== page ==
by Mark Gouker
Army transformation and the accompanying changes in the way the Army thinks, trains and fights will increase demand for satellite communications. The very nature of this new mobile, agile and fast-paced battlefield � coupled with the goal of strategic dominance across the entire operations spectrum � demands a way for warfighters to communicate beyond-line-of-sight while actively moving.
SATCOM systems today do a remarkable job of facilitating global communications quickly and accurately. However, technology limitations make the goal of SATCOM on-the-move unattainable right now. That�s changing. New technology is emerging that will bring this tool on-line, providing BLOS access to command, control, intelligence, surveillance and reconnaissance information.
The process of achieving SOTM capability is intricate and difficult. There are two fundamental technology challenges that must be overcome in developing SOTM, using bands in super-high frequency and extremely high frequency. The first challenge is overcoming signal blockage when a vehicle goes under a bridge or behind a building or tree. The second challenge is ensuring the antenna is properly and precisely aligned to access the satellite even when the vehicle is in motion.
SATCOM systems that operate at EHF and SHF rely on highly directional antennas to establish connection with the satellite. Directional antennas are needed at higher frequencies to overcome signal loss during propagation and to support higher data rates than can be supported at ultra-high frequency. One of the consequences of using a directional antenna is that most objects (trees, buildings) coming between the antenna and the satellite will interfere with signal reception to the ground terminal.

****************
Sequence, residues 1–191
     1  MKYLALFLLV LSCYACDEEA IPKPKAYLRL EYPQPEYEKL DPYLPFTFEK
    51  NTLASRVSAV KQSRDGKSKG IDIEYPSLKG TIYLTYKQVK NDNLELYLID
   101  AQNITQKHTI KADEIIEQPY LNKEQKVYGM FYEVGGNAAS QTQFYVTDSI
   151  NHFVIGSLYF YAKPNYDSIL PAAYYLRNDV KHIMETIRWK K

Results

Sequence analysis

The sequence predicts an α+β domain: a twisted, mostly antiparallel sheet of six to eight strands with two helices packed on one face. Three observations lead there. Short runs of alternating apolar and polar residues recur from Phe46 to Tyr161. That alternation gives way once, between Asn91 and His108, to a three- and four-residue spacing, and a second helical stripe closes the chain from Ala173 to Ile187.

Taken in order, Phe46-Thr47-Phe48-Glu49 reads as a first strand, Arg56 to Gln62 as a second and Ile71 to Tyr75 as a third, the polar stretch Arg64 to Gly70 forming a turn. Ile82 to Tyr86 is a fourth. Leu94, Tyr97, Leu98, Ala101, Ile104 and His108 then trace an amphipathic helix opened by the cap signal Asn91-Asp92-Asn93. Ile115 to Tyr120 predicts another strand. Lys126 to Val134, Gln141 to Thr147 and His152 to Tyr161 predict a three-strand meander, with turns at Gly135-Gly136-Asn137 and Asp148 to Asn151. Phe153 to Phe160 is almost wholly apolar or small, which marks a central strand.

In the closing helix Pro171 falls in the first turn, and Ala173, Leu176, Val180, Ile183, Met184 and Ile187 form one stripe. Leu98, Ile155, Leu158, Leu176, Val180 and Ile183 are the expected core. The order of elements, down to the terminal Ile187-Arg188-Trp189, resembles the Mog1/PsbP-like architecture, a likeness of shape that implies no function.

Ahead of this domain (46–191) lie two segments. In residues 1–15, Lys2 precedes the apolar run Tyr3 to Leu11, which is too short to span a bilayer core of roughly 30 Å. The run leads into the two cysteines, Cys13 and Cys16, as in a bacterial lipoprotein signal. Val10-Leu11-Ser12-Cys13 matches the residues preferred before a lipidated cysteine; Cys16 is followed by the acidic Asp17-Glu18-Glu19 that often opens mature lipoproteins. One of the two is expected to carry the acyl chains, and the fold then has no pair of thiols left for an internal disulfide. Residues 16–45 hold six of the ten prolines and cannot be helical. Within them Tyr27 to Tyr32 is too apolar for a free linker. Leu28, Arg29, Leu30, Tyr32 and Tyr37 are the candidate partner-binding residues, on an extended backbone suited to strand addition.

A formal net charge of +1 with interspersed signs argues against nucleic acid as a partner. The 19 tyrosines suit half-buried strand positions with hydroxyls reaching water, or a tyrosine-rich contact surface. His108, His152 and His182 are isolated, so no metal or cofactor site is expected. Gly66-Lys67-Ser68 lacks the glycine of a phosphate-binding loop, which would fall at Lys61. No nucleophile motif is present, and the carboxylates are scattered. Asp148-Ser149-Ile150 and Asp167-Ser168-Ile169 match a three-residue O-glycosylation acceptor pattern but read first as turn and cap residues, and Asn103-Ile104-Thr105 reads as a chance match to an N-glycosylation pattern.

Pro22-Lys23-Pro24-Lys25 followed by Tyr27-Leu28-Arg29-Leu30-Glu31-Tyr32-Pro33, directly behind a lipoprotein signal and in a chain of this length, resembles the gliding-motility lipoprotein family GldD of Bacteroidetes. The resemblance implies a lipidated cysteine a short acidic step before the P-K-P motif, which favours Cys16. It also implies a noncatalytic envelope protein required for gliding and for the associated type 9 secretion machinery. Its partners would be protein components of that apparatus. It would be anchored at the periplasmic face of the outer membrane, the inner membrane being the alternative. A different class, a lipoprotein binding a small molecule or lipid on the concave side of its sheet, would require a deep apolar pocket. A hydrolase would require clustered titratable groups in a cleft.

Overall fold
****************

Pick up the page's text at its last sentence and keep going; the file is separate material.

Thus, the SOTM link is characterized by periods when the signal is stable and strong enough for good communications and periods of poor reception caused by signal blockages. The frequency and duration of good and poor reception will depend on the moving vehicle�s surroundings.
In most situations, periods of signal blockage can last many seconds. So how can we provide reliable communications even if the basic radio link is unreliable?
Increasingly, SATCOM terminals are tied to computers and routers to provide range extension for terrestrial data networks. It�s possible to use these computers to filter and recondition poor signal reception to make the links more reliable. One approach, being developed by the Massachusetts Institute of Technology�s Lincoln Laboratory, is to use an automatic-repeat-request protocol in the network-protocol stack�s link layer.
Data coming to the terminal from the terrestrial network is placed in packets for transmission over the satellite. As the packets are transmitted to the other side of the link, a copy of each is placed on a "waiting list" inside the transmitting terminal. If the packet is received on the other side of the link, an acknowledgment is returned to the transmitting terminal and the packet is removed from the waiting list. However, if an acknowledgment isn�t received within a predetermined period of time, the packet is taken from the waiting list and retransmitted. As the packet is retransmitted, another copy is placed on the waiting list. This cycle continues until the packet is acknowledged or until the packet has reached the maximum number of retransmission attempts.
The ARQ protocol is particularly well suited to SOTM because it adapts quickly and efficiently to changing signal conditions (open/blocked). When the radio link is open, packets arriving at the other side of the link are acknowledged and removed from the waiting list before they are retransmitted. The size of the acknowledgment is small and thus doesn�t use too much of the available throughput. When the channel is blocked, copies of the packets are correctly retransmitted from the waiting list, providing a reliable means to deliver data to the link�s other end.